Ecstasy is a street term for a range of drugs that are similar in structure to MDMA (methylenedioxymethamphetamine). Ecstasy is similar in structure and effect to amphetamines and hallucinogens. Manufacturers may substitute a wide range of substances when making the drug. In Australia, tablets sold as ecstasy often contain little or no MDMA.
What happens after using ecstasy?
- Increased heart rate, body temperature and blood pressure
- Increased confidence
- Jaw clenching, teeth grinding
- Feelings of wellbeing
- Feelings of closeness to others
- Reduced hunger
Using ecstasy is likely to increase the chances of problems for people with health problems such as heart disease, diabetes,
liver problems, epilepsy, or with a history of mental illness or panic attacks. Using larger amounts does not seem to increase the desirable effects and may cause convulsions (fits), vomiting, floating sensations, strange behaviour, and hallucinations. The ‘come down’ after using ecstasy may include sleeping
problems, mood swings, depression, anxiety, confusion, fatigue, and difficulty thinking.
Can a person overdose on ecstasy?
Yes. He or she can develop very high body temperature and blood pressure, hallucinations and fast heartbeat. Death may occur due to:
- The stimulant effect: resulting in heart attack or brain haemorrhage.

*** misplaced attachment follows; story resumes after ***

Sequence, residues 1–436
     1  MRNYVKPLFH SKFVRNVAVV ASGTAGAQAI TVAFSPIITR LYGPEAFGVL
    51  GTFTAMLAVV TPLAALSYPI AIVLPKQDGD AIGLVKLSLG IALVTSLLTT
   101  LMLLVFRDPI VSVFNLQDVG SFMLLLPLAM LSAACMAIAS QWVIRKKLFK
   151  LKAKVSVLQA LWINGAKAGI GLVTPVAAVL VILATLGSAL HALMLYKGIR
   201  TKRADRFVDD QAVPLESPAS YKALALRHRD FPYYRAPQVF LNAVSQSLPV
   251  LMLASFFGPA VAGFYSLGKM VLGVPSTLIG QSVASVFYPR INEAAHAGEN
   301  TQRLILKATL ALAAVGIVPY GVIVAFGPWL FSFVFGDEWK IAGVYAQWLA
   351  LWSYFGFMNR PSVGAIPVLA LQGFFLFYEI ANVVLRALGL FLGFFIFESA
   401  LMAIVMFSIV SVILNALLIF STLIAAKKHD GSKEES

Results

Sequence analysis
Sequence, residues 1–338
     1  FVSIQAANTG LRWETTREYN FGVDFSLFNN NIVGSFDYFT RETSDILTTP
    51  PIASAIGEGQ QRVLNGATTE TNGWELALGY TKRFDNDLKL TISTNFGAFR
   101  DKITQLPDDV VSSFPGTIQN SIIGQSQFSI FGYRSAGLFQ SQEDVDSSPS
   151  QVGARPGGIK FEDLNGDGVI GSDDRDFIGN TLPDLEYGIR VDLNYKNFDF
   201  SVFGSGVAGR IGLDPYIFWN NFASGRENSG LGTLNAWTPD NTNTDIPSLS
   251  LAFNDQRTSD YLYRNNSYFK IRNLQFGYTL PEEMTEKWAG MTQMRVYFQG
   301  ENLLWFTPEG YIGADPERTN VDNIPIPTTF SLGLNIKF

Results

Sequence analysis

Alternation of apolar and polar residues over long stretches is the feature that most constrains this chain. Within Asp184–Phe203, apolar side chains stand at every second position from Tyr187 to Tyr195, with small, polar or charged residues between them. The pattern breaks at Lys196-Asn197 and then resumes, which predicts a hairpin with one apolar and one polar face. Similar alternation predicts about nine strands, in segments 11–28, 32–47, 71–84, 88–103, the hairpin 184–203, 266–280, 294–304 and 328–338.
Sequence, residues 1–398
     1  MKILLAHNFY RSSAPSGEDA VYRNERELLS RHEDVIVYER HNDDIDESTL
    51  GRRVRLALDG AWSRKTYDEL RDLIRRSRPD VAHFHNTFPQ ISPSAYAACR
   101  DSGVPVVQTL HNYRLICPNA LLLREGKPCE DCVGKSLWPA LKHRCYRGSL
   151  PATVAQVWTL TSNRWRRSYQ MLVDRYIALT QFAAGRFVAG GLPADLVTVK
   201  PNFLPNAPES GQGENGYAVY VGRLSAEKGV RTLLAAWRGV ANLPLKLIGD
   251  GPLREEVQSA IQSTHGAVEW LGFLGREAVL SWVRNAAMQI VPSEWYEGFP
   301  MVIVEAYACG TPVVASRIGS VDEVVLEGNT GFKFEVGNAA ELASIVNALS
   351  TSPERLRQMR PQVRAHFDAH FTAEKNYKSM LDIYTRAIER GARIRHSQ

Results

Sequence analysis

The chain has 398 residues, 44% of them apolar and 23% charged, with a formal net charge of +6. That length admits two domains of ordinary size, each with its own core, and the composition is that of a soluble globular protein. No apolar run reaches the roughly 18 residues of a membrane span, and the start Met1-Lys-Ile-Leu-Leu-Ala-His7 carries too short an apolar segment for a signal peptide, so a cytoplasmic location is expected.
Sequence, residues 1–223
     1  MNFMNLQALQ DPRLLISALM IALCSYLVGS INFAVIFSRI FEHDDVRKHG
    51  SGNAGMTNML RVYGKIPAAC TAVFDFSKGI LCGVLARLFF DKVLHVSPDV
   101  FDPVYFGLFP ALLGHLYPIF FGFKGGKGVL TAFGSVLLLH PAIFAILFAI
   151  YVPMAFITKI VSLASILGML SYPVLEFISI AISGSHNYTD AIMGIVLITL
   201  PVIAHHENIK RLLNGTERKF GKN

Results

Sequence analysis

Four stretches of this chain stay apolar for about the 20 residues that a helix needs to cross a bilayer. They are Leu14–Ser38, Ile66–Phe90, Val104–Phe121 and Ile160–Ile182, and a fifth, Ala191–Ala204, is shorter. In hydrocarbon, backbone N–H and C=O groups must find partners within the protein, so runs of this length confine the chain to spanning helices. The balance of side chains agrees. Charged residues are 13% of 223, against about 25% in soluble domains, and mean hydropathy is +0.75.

- Overheating: when combined with dancing hard and fast for long periods of time without a break.
- Drinking too much water (the brain swells from too much fluid). As a general rule, in dance or rave environments, a person who takes ecstasy should drink around 500 mL while dancing and 250 mL if resting.
What happens if a person mixes ecstasy with other drugs?
The mixing of ecstasy with other drugs can occur when the drug is being manufactured. It also occurs when a person takes other drugs to try to increase the effects, or to help him or her cope with the side effects of ecstasy. It is known that combining ecstasy with amphetamines (such as ‘speed’) will increase heart rate, blood pressure, and anxiety. Taking ecstasy with other hallucinogens, such as LSD, can result in the user experiencing severe mental disturbances. Taking ecstasy while using some antidepressant medications can also be dangerous.
What are the long-term effects from using ecstasy?
There is not a lot known about the long-term effects of ecstasy use. There is limited evidence suggesting that ecstasy causes damage to some parts of the brain.